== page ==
With legislation on the horizon banning the use of cell phones while driving, we decided to take a look at the options for those drivers with too much self respect to wear Bluetooth headsets. With an increasing number of hands-free speakerphones on the market, Parrot's CK3100 still manages to hold its own when it comes to features and usability.
The CK3100 is a characteristically simply-designed device from Parrot. Like the more basic CK3000 Evolution, it features the usual call, answer, and hang-up buttons as well as a push button rotary dial for navigating menus. The big difference between the CK3100 and its baby brother is the former's three-line monochromatic LCD display, which adds another layer of functionality to what is already a very easy to use hands-free calling system. With a cell phone connected to the CK3100, the display shows a range of useful information, including signal strength, battery life, and current call volume. In our experience, installation of the CK3100 is best left to Parrot-approved dealers as the connectors needed are car-specific ISO harnesses, which are difficult to find in the aftermarket. With the device installed its two visible components (the screen module and the external microphone) take up very little room and can be easily mounted almost anywhere within sight of the driver.
Features and performance
As with the CK3000, the CK3100's simple design disguises an impressive number of features. With the hard work of installation done by someone else, connecting a cell phone to the CK3100 is a breeze: Simply search for the device using your cell phone and enter a passcode. The first time that a phone is connected to the CK3100, the entire phonebook as well as all call records (missed calls, outgoing calls, etc.) are transferred to the Parrot device giving drivers all the relevant information they need to use the device as a proxy for their phone. Those who so wish can still dial out using the phone handset, after which the call is routed through the Parrot device and the car's speakers.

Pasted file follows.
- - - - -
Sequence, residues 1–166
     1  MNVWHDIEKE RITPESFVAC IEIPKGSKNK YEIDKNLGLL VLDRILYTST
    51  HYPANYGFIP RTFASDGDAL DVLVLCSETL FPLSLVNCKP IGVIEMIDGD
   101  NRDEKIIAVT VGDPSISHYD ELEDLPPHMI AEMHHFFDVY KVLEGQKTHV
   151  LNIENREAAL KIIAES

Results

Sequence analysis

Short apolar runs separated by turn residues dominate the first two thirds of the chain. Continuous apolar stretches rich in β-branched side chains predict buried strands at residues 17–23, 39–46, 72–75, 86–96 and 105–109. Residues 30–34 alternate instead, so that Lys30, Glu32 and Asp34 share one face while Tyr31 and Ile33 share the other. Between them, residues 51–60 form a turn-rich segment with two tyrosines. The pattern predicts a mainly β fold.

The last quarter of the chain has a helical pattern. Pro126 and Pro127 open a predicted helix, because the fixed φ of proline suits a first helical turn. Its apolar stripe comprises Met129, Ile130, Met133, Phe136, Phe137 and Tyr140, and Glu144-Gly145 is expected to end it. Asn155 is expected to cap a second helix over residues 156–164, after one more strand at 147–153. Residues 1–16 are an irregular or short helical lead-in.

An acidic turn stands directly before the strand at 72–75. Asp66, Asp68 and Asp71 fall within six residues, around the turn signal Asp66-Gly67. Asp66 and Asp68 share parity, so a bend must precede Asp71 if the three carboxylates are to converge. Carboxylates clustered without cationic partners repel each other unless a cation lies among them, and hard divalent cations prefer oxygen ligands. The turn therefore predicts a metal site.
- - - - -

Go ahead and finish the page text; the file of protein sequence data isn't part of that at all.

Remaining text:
One thing that we noticed was that the system will copy contacts only from a connected phone's SIM card and not those stored on the phone's internal phonebook. On our Samsung SGH-T619 test phone, it was a simple procedure to move all the phone contacts to the SIM card in one go and then transfer all contacts at once. With the contacts transferred, to the CK3100, they are then searchable on the Parrot device either by browsing entries by name or by scrolling through a useful alphabetized letter list.
The CK3100 also gives drivers the option of making calls by entering numerical digits via the "Dial Number" menu. For safety purposes, the CK3100 has a spoken menu option that reads out numbers and other menu entries at the same time that they appear on the display. This can lead to the device being a little too chatty at times (it can, thankfully, be turned off) but the feature is useful when dialing by number while maintaining focus on the road. As the CK3100 has voice-recognition capabilities, we are a little disappointed that there is no way to dial numbers by voice command (as is the case with many high-end factory-installed Bluetooth hands-free calling systems)--perhaps this is something that Parrot can look into for future iterations in the CK series.